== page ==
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On Espresso: Hidden Apron at Home Ep. 5 Recap

(* These are recaps of our “Hidden Apron at Home” Instagram Live sessions filmed under quarantine and held on my @errant_diner account. I focus on the fundamentals of cooking as I, a non-chef, understand them. They are based on my experiences learning how to cook and deal with systems and ways of thinking vs. just recipes. This fifth session covers all things Espresso and features my friend Mario Nnani.)

IG Live Recording can be found below (split into two parts due to some technical issues). As with our prior episodes, they’re best viewed full-screen and vertically on your mobile phone.

Part 1
Part 2

The Lesson

Despite having said Hidden Apron at Home was going to be a limited-run series covering some basic kitchen concepts that I think would be helpful for anyone looking to get started/better at cooking, the people have asked for more! This week, we’re featuring an ingredient I consume almost daily and yet have little knowledge of: Espresso. Is it a type of bean? A grind setting? A degree of roasting? All I knew was that it was the comfort I needed in the morning and the jolt was a bonus. Going over this with me was my friend Mario who’s been an early supporter of Hidden Apron at Home and happens to have a growing passion for Espresso (evidenced by the La Marzocco espresso machine he has at home).

Mario has been telling me about his plans to open a coffee cart / shop and so was the perfect guest for the show: knowledgeable enough to pull a proper shot and yet still enough of a beginner to be able to relate to an espresso noob like myself. He walked us through the basics of an espresso and how it’s actually pulled at cafés. More than just a geeky deep dive, I think knowing how something’s actually made increases one’s appreciation and enjoyment of it. Who wants to pay $5 for a crappy latte and not know what was wrong with it eh?

After the behind-the-scenes walkthrough, I showed folks how to make their enjoy their own espresso at home using an affordable Moka Pot and how to steam/froth their own milk using a French Press. Afterwards, I asked Mario for his “Top 5 Takeways”:

  1. Espresso that’s too sour is a sign of brewing too quickly, too bitter a sign of brewing too long.
  2. Espresso should generally be brewed for 20-30 seconds though preference can cause this to vary. This is true whether pulled on a commercial machine or on a stovetop Moka Pot.
  3. A double shot of Espresso (~2 oz.) actually has less caffeine than a 12 oz. cup of coffee even though the former might “feel” stronger. 80 mg. vs. 120 mg. for the coffee.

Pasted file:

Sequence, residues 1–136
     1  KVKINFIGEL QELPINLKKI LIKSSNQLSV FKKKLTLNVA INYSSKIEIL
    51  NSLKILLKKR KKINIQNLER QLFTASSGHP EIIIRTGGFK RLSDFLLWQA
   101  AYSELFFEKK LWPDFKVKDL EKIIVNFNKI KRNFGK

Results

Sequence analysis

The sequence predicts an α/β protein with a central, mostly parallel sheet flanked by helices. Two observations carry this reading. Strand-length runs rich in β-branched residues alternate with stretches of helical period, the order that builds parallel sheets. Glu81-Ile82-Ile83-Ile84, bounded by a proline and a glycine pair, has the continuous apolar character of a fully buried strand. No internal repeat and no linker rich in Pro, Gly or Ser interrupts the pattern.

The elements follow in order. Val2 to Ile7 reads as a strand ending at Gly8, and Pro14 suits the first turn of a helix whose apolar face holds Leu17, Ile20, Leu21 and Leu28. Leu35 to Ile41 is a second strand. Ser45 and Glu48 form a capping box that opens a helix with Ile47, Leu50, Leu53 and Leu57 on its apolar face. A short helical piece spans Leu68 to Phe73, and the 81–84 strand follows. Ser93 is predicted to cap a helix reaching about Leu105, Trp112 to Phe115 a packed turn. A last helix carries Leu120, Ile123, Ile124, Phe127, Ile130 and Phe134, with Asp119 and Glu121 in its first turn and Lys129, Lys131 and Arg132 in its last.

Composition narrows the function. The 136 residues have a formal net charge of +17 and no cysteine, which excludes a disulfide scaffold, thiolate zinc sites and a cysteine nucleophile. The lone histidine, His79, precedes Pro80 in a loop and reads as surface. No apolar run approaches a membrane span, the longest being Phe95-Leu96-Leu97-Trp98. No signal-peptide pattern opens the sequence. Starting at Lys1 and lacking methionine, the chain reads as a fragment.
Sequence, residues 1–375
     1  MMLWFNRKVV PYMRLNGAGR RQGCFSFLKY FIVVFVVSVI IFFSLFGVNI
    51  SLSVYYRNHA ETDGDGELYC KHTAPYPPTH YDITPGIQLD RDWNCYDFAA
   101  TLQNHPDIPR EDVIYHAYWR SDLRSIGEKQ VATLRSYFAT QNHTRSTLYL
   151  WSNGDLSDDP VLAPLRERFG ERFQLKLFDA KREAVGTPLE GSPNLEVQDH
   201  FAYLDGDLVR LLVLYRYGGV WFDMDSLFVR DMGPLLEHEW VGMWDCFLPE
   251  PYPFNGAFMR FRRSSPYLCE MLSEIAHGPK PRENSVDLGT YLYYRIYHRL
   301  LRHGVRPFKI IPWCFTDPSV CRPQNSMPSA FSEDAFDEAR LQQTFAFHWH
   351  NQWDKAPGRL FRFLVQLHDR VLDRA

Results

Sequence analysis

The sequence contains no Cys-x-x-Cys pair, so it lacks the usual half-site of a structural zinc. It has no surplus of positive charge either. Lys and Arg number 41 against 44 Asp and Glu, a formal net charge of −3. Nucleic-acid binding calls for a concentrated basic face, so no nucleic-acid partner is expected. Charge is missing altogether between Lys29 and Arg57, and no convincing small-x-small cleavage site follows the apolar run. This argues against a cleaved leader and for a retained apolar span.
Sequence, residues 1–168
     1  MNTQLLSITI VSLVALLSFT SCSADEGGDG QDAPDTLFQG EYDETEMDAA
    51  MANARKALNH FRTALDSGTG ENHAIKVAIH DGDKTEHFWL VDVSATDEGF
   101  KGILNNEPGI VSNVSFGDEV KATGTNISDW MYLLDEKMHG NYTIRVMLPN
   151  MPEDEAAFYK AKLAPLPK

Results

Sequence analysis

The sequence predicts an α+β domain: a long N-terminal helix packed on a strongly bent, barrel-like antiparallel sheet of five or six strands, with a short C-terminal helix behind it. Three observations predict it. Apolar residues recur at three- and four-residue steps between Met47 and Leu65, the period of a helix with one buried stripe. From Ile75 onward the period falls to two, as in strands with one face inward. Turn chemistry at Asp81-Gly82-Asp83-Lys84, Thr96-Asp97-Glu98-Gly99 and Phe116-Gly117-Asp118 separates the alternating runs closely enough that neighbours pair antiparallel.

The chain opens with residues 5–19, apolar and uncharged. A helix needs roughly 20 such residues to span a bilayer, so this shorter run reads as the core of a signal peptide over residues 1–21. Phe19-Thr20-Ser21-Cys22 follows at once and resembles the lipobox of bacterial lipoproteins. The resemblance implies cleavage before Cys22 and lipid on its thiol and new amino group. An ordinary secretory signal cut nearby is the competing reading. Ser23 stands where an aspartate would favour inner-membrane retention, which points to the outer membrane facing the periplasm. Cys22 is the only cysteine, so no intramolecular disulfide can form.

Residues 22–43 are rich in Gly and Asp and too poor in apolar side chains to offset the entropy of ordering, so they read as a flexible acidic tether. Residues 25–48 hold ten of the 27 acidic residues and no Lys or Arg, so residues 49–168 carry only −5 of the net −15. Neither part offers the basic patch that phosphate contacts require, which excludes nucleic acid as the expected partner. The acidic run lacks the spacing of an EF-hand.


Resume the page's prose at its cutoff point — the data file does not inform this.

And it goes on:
4. Dark Roasts are most commonly used for Espressos though lighter roasts will work too.
  5. Coffee beans are usually good up to two months post-roast date provided they’re stored properly in an airtight container away from sunlight.

Applying our template approach to Espresso, Mario says you can tweak your own personal Espresso “recipe” based on the following variables:

  • Brew time
  • Bean type
  • Amount of beans (by weight)
  • Degree of grind (coarse vs. fine)
  • Water (filtered, hard, etc.)

The Food

Modified Espresso Martini
* The original recipe calls for vodka and some type of coffee liqueur like Kahlua. I modified this based on what I had on hand. You can tweak the ratio of vodka to espresso to 2:1 if you prefer a stronger drink.
1) Pour the following ingredients into a shaker or tupperware:
1.5 oz. of vodka (gin in my case)
1.5 oz. of room temperature espresso
0.5 oz. of simple syrup (ginger syrup in my case)
0.5 oz. coffee liqueur (velvet falernum in my case)
2) Shake with ice rapidly until the container is cold.
3) Pour into frozen glass and garnish with 3 coffee beans.

Espresso G&T
* For some unexplainable reason, the quinine-flavored tonic works well with the bitter espresso and the juniper-forward gin. I won’t ask questions.
1) In a glass filled with ice, mix the following:
1.5 oz. of gin (I prefer a London Dry Gin like Tanqueray)
1.5 oz. of room temperature espresso
0.5 oz. of simple/any syrup
2) Top with tonic water.

Espresso Old-Fashioned (based on Bon Appétit’s recipe)
1) In a lowball glass filled with ice, mix the following:
1 oz. of bourbon or rye whiskey (Mario used Jameson Triple Triple)
2 oz. of room temperature espresso
0.25 oz. of simple syrup
Dash of Angostura Orange Bitters
2) Twist lemon/orange peel over glass and drop in or discard.

Espresso Ice Cream (based on New York Time’s recipe)
* This recipe makes ~ 2 c. of ice cream so just about enough for one person.
1) Heat 1 c. each of condensed milk and whole milk (add a touch more whole milk so that there’s slightly more of it in the pot) over medium until steam begins to rise. Do not boil or else the milk will begin to curdle and a skin will form. Turn off heat.
2) Stir in 1 heaping tsp. of espresso or more if you’d like a stronger flavor. Let sit for at least 30 mins.
3) Strain the ice cream base into a container and refrigerate. You can leave the grounds in for a stronger flavor. Once cold, it can be made in your ice cream machine.

Filed under: All Posts, Cook, Recipes, Savor

About the Author

Posted by

Paolo Española is a wandering diner in search of a good meal and an ever-elusive identity. He started this blog during a soul-crushing stint as an Accountant and later co-founded Hidden Apron, his side project that’s dabbled in everything from private catering, hosting pop-up dinners, podcasting, and everywhere in between. He is a contributing author to the best-selling cookbook, “The New Filipino Kitchen” and believes that food is a universal language that can solve the world's most challenging problems, help people believe in their own potential, create communities to shared stories, and realize that in Breaking Bread, we Break Boundaries.


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